He was granted free agency from the Padres in June 2012, he then later signed as a free agent with the Nationals in January 2013.
Ohlendorf pitched well for the Nationals big league team (3.28 ERA over 60.1 IP), but was released in October 2014. Finally, we reach the part of the journey we were waiting for, as the Texas Rangers came calling in January 2015 to become Ohlendorf’s seventh team.
Fast forward to 29th May 2015, the day of the contest. I asked Ross when he first heard of the contest:
“From what I remember, I first heard about the contest that day. We have one of the most successful registered Texas Longhorn businesses (Rocking O Longhorns), and I would usually volunteer for anything agriculture related in the pre-game.”
I’d managed to find approximately ten previous cow milking contests in modern baseball history, so how regular were they, specifically in baseball?
“Of course those opportunities don’t come along too often – the only other [agriculture]-related opportunity was to catch the first pitch thrown by US Secretary of Agriculture Tom Vilsack in 2009 when I was with the Pittsburgh Pirates. That opportunity led to an internship at the Department of Agriculture in Washington, DC that offseason.”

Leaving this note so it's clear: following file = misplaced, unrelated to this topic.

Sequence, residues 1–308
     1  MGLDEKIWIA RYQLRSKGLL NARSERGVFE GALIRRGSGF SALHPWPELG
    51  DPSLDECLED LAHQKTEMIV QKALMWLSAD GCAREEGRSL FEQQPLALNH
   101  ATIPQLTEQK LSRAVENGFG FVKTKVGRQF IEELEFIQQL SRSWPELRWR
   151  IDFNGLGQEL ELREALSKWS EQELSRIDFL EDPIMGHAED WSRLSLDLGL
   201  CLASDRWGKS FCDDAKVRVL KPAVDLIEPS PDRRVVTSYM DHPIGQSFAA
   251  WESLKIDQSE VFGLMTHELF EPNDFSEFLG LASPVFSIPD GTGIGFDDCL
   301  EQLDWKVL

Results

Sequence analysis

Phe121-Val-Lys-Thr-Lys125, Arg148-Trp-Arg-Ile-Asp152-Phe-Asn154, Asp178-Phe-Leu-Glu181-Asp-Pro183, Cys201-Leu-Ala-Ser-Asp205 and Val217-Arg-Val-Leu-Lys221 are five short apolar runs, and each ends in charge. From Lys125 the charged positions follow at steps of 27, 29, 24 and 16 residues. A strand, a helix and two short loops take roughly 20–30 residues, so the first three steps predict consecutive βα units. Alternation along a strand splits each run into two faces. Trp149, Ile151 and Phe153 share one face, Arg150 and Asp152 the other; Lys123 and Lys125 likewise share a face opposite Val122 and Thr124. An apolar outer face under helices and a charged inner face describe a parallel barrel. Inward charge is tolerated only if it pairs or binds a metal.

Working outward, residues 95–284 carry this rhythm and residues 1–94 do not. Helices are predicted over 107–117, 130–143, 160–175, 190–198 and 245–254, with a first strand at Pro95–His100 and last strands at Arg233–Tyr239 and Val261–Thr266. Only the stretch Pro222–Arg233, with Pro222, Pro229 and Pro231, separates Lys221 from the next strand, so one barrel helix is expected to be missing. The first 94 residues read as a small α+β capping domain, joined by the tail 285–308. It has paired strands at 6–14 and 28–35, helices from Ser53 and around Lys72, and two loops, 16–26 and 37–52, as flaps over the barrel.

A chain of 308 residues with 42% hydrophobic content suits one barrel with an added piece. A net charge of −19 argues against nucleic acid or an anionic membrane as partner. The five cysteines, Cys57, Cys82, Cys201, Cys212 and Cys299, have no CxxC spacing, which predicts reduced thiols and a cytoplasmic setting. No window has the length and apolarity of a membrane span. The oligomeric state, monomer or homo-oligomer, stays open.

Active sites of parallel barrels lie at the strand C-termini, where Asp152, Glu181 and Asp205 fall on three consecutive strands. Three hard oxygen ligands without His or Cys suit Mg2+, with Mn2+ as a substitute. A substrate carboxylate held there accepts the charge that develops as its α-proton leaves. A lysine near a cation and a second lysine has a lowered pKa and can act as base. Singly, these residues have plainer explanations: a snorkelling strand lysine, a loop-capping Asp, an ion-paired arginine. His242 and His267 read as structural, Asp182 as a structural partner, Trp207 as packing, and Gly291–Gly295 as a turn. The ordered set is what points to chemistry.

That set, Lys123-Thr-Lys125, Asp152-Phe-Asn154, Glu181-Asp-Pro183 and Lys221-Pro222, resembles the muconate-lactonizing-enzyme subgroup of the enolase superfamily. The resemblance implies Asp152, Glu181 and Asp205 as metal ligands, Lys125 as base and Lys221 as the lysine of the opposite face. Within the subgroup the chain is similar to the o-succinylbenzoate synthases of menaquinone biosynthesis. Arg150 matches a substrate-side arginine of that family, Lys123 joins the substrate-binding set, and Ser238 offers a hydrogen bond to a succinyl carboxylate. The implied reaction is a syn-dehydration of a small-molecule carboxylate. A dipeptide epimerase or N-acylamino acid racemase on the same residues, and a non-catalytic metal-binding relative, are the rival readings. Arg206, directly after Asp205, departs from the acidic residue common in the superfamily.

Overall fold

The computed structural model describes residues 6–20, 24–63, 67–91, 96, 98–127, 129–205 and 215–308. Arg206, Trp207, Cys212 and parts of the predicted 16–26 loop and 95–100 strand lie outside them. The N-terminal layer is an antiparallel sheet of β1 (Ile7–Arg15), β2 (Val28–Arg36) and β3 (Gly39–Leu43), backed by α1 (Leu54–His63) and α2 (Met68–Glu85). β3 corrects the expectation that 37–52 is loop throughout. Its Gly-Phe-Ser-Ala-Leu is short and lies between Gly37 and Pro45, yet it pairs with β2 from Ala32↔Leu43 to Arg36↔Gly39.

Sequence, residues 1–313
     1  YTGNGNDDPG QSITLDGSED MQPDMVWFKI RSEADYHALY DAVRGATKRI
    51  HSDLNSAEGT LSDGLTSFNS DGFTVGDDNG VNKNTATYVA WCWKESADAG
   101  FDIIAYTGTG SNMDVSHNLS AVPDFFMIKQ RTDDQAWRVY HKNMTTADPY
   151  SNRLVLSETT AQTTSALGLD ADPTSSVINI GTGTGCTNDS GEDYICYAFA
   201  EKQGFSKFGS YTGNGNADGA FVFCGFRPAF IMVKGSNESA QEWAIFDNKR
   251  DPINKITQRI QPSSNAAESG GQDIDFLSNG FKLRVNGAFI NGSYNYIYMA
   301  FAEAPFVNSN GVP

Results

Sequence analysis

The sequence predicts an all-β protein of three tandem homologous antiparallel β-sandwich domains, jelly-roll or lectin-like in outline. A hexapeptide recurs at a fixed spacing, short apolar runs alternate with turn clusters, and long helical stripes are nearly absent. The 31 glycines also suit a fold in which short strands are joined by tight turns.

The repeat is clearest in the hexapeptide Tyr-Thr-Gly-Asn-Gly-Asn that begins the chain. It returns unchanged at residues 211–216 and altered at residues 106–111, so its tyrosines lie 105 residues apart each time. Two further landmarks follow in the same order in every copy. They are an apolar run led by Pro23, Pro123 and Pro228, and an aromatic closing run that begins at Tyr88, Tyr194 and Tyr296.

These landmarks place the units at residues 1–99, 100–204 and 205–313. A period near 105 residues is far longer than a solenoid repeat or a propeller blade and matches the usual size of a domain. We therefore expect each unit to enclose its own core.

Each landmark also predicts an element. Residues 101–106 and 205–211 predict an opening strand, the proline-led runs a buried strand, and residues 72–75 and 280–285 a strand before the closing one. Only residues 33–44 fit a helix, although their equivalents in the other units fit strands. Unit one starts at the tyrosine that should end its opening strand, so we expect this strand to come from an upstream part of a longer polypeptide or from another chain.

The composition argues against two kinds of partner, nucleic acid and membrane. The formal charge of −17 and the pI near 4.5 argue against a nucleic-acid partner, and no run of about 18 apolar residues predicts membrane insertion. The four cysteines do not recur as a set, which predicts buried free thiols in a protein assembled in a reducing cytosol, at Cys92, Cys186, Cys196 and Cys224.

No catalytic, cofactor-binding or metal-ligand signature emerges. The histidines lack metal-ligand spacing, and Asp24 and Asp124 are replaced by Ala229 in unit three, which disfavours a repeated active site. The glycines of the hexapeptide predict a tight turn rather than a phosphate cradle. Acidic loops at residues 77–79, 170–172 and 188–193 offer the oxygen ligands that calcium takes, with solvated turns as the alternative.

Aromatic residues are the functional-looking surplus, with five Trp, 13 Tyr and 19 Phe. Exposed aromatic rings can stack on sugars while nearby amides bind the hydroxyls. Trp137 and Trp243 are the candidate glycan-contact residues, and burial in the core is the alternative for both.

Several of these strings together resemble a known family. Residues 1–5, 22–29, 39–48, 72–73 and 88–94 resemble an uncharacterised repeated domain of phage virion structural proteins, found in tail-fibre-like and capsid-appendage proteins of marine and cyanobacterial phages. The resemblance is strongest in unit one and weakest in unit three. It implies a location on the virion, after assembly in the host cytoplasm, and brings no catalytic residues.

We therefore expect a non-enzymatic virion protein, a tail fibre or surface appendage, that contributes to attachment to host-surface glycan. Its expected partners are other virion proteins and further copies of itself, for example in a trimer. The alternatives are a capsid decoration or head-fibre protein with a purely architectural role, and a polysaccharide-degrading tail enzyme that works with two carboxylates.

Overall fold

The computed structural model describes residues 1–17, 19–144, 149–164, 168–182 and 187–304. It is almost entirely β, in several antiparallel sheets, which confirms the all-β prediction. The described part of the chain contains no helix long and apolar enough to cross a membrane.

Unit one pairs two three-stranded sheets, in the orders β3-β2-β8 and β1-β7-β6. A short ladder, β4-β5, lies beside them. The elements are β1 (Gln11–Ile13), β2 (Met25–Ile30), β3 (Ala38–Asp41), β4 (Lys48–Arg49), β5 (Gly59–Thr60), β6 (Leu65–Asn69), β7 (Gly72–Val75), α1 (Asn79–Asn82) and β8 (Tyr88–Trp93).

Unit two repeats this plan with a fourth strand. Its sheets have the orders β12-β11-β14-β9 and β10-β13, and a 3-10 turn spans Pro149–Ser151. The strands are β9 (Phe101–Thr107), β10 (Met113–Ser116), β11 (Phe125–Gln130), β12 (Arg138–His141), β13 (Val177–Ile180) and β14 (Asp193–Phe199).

With his upbringing on the Longhorns ranch, there was no surprise that Ohlendorf was genuinely excited about the contest:
“I think some of the players who had been on the team the year before nominated me when they heard it was time for the contest again, and I eagerly agreed to participate.”
So Ohlendorf was selected by his team mates and he was ready to take part. With him growing up on and helping run a Longhorns ranch, I naïvely assumed he would have plenty of experience when it came to milking cows:
“We do not have dairy cows, and my only milking experience had been on a field trip in elementary school. In the generations before me, our family had milk cows to provide milk for their own consumption, but it was not something I had grown up around.”
Wait, Ohlendorf went into the contest blind? Did he have to drag up old memories or maybe throw down a quick Google Search of “how do you milk a cow?” – No. In the words of Team Sky Cycling guru, Dave Brailsford, Ohlendorf managed to grab a few “marginal gains”:
“I did get a little home field advantage – the owners of the cows agreed to give me a brief tutorial before the contest. I’m not sure if Wade ever knew about that. I think it made a big difference.”
Note – Wade Miley was not available to comment on this Ohlendorf bombshell.
And was Wade a big milker?
“My understanding is that he grew up with dairy cows, so I think he had milked them plenty of times before.”
The cows were ready, the buckets shined, the stools levelled, it was almost time to begin. Ohlendorf was going up against the great Wade Miley, a man that not only grew up with dairy cows, but also wrestled a snake in the Red Sox dressing room during Spring Training that year. Did Ohlendorf really believe he could win? Was he that fussed about winning?
“I definitely wanted to win, both for myself and the Rangers. It just felt like a contest where the Texas team should beat the Boston team. I knew it would be tough to beat Wade, but I felt I had a chance after getting to practice.”